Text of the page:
Building Blocks: Protein Power and a Baby Bump

Ear hair makes a comeback, reward circuitry, and a baby bump.

By Lacy Schley|Tuesday, May 09, 2017
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Cochlear hair cells, seen with microscopic imaging.
SPL/Science Source

Hearing Hairs Restored: Tiny hairs in our inner ears, called cochlear hair cells, are vital to our natural perception of sound, and once we lose them, we don’t grow them back. But scientists published in Cell Reports that they’ve discovered a way to regenerate those cells in mouse, primate and human tissue samples. After exposing supporting cells — cells that can create new cochlear hairs — to a specialized drug mixture, the team saw significant new hair cell growth.

Baby Bump: Birds don’t give birth to live young, but their distant ancestors did. Archosauromorphs, which existed about 250 million years ago, were the creatures that evolved into crocodiles, dinosaurs, birds and pterosaurs. Experts thought these beasts laid eggs, much like their modern descendants. But a new Nature Communications paper details the fossilized remains of an archosauromorph mother and her unborn baby. The mom — the marine-dwelling Dinocephalosaurus — and her preserved pregnancy could give paleontologists a better idea of how her kind lived and evolved.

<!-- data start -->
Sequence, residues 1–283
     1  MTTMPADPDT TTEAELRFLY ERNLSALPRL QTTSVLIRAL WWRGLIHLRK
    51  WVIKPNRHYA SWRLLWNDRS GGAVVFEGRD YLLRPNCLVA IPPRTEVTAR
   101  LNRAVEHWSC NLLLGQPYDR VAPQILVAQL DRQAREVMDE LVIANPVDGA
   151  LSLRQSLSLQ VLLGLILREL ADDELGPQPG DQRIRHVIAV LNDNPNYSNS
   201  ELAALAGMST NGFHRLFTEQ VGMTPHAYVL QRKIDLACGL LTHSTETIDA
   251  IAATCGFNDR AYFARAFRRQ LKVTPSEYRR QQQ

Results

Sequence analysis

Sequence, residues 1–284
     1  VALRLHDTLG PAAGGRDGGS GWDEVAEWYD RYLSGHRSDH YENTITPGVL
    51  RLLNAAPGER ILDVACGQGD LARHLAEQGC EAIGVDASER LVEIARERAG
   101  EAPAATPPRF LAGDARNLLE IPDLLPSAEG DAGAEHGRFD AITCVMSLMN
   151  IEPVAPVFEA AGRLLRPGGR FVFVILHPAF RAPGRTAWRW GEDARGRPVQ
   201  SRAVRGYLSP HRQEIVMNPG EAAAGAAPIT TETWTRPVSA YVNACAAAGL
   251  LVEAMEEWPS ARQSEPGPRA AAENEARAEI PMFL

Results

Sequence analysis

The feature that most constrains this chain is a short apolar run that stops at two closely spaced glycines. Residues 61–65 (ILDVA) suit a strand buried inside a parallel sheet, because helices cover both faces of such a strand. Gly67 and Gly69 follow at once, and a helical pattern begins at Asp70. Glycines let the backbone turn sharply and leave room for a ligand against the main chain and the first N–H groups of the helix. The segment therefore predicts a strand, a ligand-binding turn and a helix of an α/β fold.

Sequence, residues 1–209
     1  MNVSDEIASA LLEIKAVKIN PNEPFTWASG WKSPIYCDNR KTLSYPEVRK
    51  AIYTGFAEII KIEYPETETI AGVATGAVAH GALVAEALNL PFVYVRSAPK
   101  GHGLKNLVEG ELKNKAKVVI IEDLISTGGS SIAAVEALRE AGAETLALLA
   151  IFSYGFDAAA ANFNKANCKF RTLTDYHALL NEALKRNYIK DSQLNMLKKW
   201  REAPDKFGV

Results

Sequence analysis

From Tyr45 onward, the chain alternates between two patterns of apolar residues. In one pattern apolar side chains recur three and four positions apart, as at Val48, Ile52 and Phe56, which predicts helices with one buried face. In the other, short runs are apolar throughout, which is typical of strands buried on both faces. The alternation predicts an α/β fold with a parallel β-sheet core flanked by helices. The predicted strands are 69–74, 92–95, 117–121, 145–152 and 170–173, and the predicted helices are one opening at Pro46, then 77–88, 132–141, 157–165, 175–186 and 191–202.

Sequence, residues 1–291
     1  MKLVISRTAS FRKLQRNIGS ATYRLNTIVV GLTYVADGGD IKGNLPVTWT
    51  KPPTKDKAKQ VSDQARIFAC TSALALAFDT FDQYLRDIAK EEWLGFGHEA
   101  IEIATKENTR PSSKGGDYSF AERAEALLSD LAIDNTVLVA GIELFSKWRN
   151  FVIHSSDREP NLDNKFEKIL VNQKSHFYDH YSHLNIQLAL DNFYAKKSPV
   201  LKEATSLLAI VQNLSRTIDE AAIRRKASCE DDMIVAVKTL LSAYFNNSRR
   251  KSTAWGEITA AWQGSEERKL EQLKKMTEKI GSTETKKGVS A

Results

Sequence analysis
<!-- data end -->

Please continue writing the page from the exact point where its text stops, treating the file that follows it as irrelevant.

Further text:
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Dinocephalosaurus
Dinghua Yang

The Power of Proteins: New work in Nature Neuroscience offers some promise for understanding cocaine addiction. Researchers genetically engineered mice to produce cadherin, a protein involved in learning that helps strengthen the brain’s neural connections. The mice cranked out this protein in their reward circuits, a brain area that drives us to seek pleasure-inducing experiences and a key component in addiction. After introducing the cadherin-laden mice to cocaine multiple times, experts expected the rodents to crave the drug. Instead, the critters carried on without interest: The excess protein actually clogged their reward center circuitry, preventing the mice from getting hooked. The results point to the importance of biochemistry in addiction.

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